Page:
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Thinking about becoming a professional genealogist? 2008 ICAPGen Conference

If you have considered becoming a professional genealogist, or even if you want to enhance your research skills, you have a great opportunity to learn from experts at the 2008 ICAPGen conference held November 7-8, 2008 in Provo, Utah.

The International Commission for the Accreditation of Professional Genealogists is an organization which sets standards for the genealogical community through comprehensive written and oral examinations. This year's conference features instructors from the BYU faculty, professional researchers, and other experts in genealogical and family history research. Each class has been chosen to provide advanced training for the genealogical researcher. You will be able to learn important techniques for research and writing. Those who would like to take the Accredited Genealogist examination can get answers to their questions and concerns. Professional researchers can learn ways to improve their business. Following is a list of the classes offered.

  • Practical tips to prepare for the process; Apyrl Cox, AG
  • Technology for genealogists - new and unknown; Ann Roach
  • African-American Southern States research; Karen Clifford, AG
  • The newest & most complete cemetery website; David Day
  • Professional development brings financial rewards; Luana Darby, AG
  • French Internet research; Heidi Sugden, AG
  • Irish research; Evva Benson, AG
  • The new Record Search; Joy Price, AG
  • Preparing the AG application; Karen Clifford, AG
  • Italian Internet research; Ruth Merriman, AG
  • The 7 sacraments of the Catholic church: rites, records & research; George Ryskamp, JD, AG
  • What's new at Ancestry?; Suzanne Russo Adams, AG
  • Contracting with Clients; Ann Roach
  • The Palatine immigrants - German immigrants to the colonies in the 1700s; Luana Darby, AG
  • Reading English & early American handwriting; Amy Harris, Phd, AG
  • Legacy 7 for professionals; Geoff Rasmussen
  • Improving your business through advertising; Kory Meyerink, MLS, AG
  • Scottish Internet research; Barbara Baker, AG
  • Understanding Latin in European church records; Ruth Merriman, AG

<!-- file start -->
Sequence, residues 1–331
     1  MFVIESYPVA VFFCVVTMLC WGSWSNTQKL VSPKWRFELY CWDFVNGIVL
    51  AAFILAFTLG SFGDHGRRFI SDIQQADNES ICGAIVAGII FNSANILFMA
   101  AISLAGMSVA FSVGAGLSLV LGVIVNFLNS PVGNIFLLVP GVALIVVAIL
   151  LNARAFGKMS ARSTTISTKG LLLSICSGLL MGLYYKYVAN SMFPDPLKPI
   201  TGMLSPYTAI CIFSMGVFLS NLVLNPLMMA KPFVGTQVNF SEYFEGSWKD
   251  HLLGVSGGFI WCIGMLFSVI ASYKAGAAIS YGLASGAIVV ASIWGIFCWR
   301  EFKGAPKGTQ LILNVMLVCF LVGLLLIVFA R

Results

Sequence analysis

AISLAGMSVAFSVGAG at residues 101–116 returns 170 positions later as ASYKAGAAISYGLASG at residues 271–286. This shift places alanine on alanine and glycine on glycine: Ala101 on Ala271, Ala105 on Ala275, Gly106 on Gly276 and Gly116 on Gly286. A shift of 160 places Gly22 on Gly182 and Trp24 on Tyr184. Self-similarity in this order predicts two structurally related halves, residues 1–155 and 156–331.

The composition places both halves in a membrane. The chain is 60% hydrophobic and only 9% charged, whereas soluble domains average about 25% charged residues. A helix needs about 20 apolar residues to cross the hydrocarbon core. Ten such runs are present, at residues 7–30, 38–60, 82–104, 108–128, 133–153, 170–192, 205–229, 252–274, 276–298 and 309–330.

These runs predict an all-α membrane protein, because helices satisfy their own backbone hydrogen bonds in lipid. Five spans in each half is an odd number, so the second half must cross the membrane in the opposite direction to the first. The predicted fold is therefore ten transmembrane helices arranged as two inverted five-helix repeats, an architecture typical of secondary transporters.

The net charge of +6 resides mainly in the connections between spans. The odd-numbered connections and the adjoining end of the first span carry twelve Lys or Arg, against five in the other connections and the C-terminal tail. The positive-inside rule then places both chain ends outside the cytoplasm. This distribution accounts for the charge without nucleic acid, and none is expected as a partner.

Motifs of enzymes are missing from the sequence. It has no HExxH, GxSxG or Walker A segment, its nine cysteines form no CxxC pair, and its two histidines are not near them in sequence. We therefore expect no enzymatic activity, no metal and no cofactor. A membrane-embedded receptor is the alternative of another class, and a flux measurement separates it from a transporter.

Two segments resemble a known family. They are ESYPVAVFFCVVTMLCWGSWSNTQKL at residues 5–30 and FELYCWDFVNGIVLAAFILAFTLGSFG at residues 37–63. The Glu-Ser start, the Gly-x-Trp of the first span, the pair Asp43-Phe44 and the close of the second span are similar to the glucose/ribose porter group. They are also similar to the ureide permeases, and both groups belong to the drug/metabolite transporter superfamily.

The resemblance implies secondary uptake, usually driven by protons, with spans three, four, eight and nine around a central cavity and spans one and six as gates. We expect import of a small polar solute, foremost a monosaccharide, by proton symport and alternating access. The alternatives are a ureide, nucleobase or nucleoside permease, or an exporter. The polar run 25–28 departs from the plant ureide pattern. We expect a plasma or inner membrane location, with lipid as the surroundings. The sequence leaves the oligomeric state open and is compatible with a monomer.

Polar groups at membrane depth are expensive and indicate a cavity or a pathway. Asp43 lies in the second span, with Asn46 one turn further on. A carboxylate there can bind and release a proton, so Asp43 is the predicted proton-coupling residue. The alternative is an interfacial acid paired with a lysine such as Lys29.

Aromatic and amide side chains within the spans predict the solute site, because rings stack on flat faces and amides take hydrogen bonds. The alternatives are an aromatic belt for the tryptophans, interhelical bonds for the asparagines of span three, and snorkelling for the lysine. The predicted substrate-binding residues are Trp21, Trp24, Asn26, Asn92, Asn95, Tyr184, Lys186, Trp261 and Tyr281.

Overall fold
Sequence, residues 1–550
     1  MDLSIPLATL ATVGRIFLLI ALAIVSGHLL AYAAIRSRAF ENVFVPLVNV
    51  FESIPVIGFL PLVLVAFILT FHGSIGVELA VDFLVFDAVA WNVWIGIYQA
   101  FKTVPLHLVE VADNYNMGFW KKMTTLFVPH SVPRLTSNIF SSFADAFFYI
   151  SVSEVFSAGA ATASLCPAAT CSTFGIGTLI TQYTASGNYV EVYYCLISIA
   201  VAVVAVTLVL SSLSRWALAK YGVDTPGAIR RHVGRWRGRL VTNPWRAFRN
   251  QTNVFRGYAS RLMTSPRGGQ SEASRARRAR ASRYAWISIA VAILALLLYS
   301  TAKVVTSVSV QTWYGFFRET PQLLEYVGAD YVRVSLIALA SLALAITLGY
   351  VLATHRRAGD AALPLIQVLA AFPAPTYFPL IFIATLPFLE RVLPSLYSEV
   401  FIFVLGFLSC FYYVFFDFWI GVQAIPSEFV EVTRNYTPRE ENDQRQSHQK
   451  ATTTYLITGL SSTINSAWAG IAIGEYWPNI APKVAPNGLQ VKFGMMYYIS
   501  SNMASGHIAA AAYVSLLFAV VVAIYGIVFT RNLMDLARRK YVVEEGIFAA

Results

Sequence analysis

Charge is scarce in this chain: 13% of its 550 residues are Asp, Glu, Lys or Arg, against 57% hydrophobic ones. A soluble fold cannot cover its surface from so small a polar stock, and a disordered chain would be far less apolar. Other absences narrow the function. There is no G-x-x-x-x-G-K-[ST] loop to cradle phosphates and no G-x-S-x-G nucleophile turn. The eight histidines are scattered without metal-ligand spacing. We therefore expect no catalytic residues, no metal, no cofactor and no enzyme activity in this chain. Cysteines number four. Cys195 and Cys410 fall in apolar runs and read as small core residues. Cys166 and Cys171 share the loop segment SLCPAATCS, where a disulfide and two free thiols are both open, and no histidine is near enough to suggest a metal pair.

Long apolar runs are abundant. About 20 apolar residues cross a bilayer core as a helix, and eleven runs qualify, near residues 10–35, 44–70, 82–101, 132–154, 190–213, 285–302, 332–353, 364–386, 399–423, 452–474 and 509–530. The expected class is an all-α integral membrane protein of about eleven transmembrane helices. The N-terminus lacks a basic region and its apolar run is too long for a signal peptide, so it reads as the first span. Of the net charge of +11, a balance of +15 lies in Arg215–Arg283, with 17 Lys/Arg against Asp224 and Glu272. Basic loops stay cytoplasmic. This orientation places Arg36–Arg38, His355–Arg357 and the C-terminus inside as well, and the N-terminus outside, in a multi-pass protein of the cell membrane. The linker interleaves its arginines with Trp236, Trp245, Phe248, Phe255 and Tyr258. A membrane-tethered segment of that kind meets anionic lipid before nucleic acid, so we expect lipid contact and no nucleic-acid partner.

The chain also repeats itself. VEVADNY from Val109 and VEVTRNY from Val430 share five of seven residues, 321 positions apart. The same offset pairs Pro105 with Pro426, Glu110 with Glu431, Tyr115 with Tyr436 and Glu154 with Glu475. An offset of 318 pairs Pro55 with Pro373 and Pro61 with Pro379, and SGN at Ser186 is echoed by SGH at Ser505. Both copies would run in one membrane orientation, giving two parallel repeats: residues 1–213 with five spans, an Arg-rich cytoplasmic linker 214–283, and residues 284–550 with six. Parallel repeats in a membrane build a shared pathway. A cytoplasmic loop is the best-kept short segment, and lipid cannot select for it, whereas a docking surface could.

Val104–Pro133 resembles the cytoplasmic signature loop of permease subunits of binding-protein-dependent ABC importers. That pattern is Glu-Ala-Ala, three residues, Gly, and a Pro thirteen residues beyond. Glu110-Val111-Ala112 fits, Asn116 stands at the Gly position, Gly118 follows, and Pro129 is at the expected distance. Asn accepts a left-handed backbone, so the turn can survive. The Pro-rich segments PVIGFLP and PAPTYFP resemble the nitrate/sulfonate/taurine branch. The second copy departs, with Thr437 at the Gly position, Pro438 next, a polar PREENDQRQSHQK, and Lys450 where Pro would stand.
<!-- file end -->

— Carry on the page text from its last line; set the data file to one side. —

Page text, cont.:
• Have it your way: creating your own genealogy web site in 60 minutes or less; Darrin Lythgoes
  • Improve your business, cont.; Kory Meyerink, MLS, AG
  • German research on the Internet; Baerbel Johnson, AG
  • A comparative look at English research for U.S. genealogists; Nathan Murphy, MA, AG
  •; Beau Sharbough
  • Banquet: She Says CG; He Says AG . . . What Do You Say?: An Intimate Look at Credential Options; George Ryskamp, JD, AG
  • Keynote: Professionalism in the genealogy work, Jake Gehring, APG president
  • DNA; Trish Tolley, AG
  • Irish Internet research; Evva Benson, AG
  • Jewish research; Todd Knowles, AG
  • FamilySearch Wiki; Darris Williams, AG
  • Client reports; Linda Turner, AG
  • Searching for books & articles on the Internet; George Ryskamp, JD, AG
  • Latin American/Southern European research; Peggy Ryskamp, CG
  • World Vital Records & Family Link; David Lifferth
  • Five year renewal process; Linda Turner, AG
  • English research in a digital age; Nathan Murphy, MA, AG
  • Work skills of the old: Justice of the Peace records; Michael Strauss, AG
  • Family Pursuit; Michael Martineau
  • ICAPGen test samples; Karen Clifford, AG
  • Scandinavian Internet research; Anka Haslam, AG
  • Native American research; Joan Healey, AG
  • New FamilySearch; Paul Smart, AG
  • Closing address: Plant yourself in the genealogical landscape; Anne Leptich, AG

Registration is required. For more information, visit


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There are many of us amatuers who have moved beyond doing this for ourselves and love to help others. However, it can become quite time consuming and expensive. Thus we toy with the idea of doing this for pay at some level but have no idea if we really have what it takes to be called a professional genealogist. Therefore, an article on this organization and what it takes to become a professional genealogist would be very helpful. Perhaps some links to this or other such organizations could be provided as well.


Will this seminar be televised so I can watch it at home? I cannot travel to Utah.

Does anyone know if there a syllabus available for those of us who cannot attend this conference? Are any of the classes going to be recorded?

I too would like to see a syllabus, or have tapes of the conference sessions. Unfortunately I will not be able to attend, but fortunately, I will be in Italy conducting research.

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